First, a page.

Health Magazine

Breast Cancer Manners

Posted on the 05 April 2012 by Jean Campbell

breastOver the years, I’ve spent many hours in treatment waiting areas with my own breast cancers and as a patient navigator visiting with recently diagnosed women and men. 

I have come to know that breast cancer treatment waiting areas have their own expected patient and patient companion manners that are necessary for patient comfort.

Breast Treatment Area Manners I’ve Picked Up Along the Way:

  • Waiting room seats fills up fast. Limiting a companion to one person, who is willing and able to give up his or her seat for patients coming into the waiting area, is really a necessity.
  • Waiting areas include patients on all levels and types of treatment. All patients and companions should skip the perfumes, strong scented soaps, hair sprays and body lotions in deference to those battling nausea.
  • Smokers need to refrain from leaving the area to go outside for a smoke. When a smoker returns to the waiting area the strong odor of smoke on clothes and breathe can also make patients feel nauseous.
  • If you need to eat food in a waiting area, bring foods with little to no odor as food smells can be very difficult for those receiving chemotherapy.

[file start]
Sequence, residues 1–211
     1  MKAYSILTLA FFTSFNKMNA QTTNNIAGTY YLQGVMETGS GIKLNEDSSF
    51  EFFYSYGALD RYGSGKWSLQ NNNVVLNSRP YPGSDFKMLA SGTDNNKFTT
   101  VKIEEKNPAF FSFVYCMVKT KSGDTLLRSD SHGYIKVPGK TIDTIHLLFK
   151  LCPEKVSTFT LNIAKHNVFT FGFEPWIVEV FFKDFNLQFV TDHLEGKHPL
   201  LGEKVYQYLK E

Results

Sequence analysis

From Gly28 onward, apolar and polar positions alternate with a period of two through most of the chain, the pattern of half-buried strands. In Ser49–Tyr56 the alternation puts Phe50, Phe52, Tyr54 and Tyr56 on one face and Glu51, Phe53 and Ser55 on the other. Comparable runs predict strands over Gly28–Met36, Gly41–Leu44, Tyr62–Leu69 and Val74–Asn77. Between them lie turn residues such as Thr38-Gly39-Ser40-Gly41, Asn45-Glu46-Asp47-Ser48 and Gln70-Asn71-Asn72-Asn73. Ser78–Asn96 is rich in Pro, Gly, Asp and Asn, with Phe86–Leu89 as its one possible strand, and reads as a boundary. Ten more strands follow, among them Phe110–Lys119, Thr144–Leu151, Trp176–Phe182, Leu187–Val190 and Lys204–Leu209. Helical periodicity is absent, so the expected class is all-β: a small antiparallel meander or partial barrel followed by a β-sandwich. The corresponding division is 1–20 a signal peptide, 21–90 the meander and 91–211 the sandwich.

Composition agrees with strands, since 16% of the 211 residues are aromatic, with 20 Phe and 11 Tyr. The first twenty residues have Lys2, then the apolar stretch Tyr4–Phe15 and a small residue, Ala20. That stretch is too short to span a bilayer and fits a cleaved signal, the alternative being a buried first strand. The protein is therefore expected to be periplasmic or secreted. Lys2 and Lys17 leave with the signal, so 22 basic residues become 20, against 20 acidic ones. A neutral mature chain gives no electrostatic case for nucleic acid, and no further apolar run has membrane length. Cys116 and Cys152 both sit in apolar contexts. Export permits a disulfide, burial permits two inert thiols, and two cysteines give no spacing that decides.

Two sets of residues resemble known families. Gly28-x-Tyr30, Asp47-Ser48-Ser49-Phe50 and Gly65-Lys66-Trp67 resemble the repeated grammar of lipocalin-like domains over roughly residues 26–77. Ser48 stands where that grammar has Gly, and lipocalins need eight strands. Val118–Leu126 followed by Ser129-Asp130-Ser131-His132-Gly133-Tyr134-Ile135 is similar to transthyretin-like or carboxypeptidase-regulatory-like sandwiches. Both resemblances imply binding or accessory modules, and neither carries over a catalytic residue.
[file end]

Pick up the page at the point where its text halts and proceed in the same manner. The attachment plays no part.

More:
• Wearing tight sweaters, low-cut tops with lots of exposed cleavage and halters are really in poor taste.
  • Be aware of your conversation content when you are sitting in close quarters. New patients may inaccurately apply what you are speaking about to their situations.
  • Know that people who are waiting in treatment areas are no strangers to fear and tears. Don’t be embarrassed if you cry. You don’t need to justify your tears, they understand.
  • A treatment waiting room is not the best place for young children. If possible, have a family member or friend care for your child at home, even if it means you have to forgo having someone accompany you.
  • If you are feeling that you might be sick, speak to a nurse and asked to be seated away from others in the waiting area.
  • If a fellow patient is feeling chatty and you’re not, just say you are not feeling well and need to be quiet.
  • Don’t stare and don’t turn away from the patient who looks worn and frail. Know that she is very aware of how you look at her and that can effect how she feels about herself and her situation.
  • While you can identify with other breast patients in the waiting area, don’t compare. No two breast cancers are exactly the same. No two people experience breast cancer the same way emotionally, physically and spiritually. Identifying gives you a basis for relating. Comparing, more often than not, can leave you second guessing about a number of things that will only increase your anxiety.

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